Let’s create a new project in Edge Impulse Dashboard and prepare to get the data. For gathering the data, since we don’t need very high sampling frequency, we can use data forwarder tool from edge-impulse-cli. Upload the ei_people_counter_data_collection.ino script (exactly the same script as pasted above) to Wio Terminal – to learn more about how to set up edge-impulse-cli and data forwarder protocol, watch the first video of TinyML series.

In this particular script we filter out all the values above 200 cm, setting them to -1.

        if (distance < 200.0) {
Serial.println(distance);
}
else
Serial.println(-1);

For your application you might need to set this value lower or higher, depending on the set up. Then start walking.

I recorded 1 minute 30 seconds of data for every class, each time recording 5000 ms samples and then cropping them to get 1500 ms samples – remember that variety is very important in the dataset, so make sure you have samples where you (or other people) walk fast, slow, run, etc. For none category apart from samples that have nobody in front of the device, it is a good idea to include samples that have a person just standing close to the device and walking beside it, to avoid any movement being falsely classified as in or out.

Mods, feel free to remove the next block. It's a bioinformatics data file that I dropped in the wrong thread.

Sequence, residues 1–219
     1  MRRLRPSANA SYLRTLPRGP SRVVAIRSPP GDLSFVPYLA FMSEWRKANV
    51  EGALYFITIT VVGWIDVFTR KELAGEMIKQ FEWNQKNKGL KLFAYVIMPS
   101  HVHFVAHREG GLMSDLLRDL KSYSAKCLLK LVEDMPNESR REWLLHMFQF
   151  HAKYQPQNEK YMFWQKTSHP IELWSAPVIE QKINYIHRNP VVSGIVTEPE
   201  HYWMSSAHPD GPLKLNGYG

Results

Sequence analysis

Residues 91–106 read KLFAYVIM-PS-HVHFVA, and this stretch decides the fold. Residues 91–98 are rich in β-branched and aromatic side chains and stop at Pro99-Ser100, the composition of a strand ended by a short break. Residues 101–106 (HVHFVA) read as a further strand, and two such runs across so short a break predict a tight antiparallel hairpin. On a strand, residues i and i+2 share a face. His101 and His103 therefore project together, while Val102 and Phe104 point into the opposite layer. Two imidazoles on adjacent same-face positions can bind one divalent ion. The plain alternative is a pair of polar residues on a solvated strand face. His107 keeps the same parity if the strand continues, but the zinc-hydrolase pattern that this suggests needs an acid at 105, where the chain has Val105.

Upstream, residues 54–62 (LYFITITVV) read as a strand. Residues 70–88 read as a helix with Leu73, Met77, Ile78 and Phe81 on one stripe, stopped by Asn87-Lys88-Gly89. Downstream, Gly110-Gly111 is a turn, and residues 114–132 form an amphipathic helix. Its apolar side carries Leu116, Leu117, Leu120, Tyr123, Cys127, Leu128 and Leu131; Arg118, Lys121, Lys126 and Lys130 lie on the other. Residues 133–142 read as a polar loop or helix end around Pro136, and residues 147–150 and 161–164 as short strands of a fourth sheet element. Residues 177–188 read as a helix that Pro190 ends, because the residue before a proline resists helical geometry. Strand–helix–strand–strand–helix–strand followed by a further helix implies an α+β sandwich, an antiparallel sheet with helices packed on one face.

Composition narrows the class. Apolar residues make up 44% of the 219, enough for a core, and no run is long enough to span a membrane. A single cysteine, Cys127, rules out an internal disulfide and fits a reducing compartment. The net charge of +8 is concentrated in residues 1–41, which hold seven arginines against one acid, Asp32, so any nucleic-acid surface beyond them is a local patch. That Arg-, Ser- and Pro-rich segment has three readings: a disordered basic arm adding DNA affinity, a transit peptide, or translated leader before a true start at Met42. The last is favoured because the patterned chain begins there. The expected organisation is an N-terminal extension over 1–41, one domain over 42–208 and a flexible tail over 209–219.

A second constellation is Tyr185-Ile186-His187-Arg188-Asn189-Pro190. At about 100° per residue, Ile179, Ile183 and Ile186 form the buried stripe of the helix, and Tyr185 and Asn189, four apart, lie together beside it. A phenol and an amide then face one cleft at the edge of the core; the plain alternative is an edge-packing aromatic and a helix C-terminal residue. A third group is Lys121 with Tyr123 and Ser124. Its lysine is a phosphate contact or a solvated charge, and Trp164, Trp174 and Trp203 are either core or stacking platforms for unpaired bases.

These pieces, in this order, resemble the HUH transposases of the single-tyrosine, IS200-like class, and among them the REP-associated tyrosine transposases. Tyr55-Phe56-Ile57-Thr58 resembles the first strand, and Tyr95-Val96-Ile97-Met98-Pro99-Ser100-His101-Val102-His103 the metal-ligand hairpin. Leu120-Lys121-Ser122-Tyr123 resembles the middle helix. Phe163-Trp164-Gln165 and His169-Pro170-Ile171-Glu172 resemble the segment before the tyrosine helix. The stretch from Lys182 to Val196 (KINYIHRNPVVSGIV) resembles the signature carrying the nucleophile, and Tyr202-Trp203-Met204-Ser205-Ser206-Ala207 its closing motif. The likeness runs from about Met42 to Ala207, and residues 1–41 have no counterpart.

Find the right processing block and network architecture

When you are done with data collection, create your impulse – I set window length to 1500 ms and windows size increase to 500 ms.

1500 ms is more than enough to cover time duration person needs when walking in the door or walking out, except if moving extremely slow. For processing blocks, we only have two blocks this time to experiment with – Raw data or Spectral analysis. Flatten block will erase all the time-domain information from the data, making it completely useless in determining direction, so we won’t use it. Spectral analysis block applies Fast Fourier transform to data samples, converting signal from time domain to frequency domain. While FFT can work for other types of signals, such as sounds or accelerometer data, in our case the frequency of signal actually also doesn’t matter that much, since we cannot judge if person is coming in or going out of the room based on frequency. If you look at the data visualization after Spectral analysis block, it is clear that it’s hard to separate in and out data samples.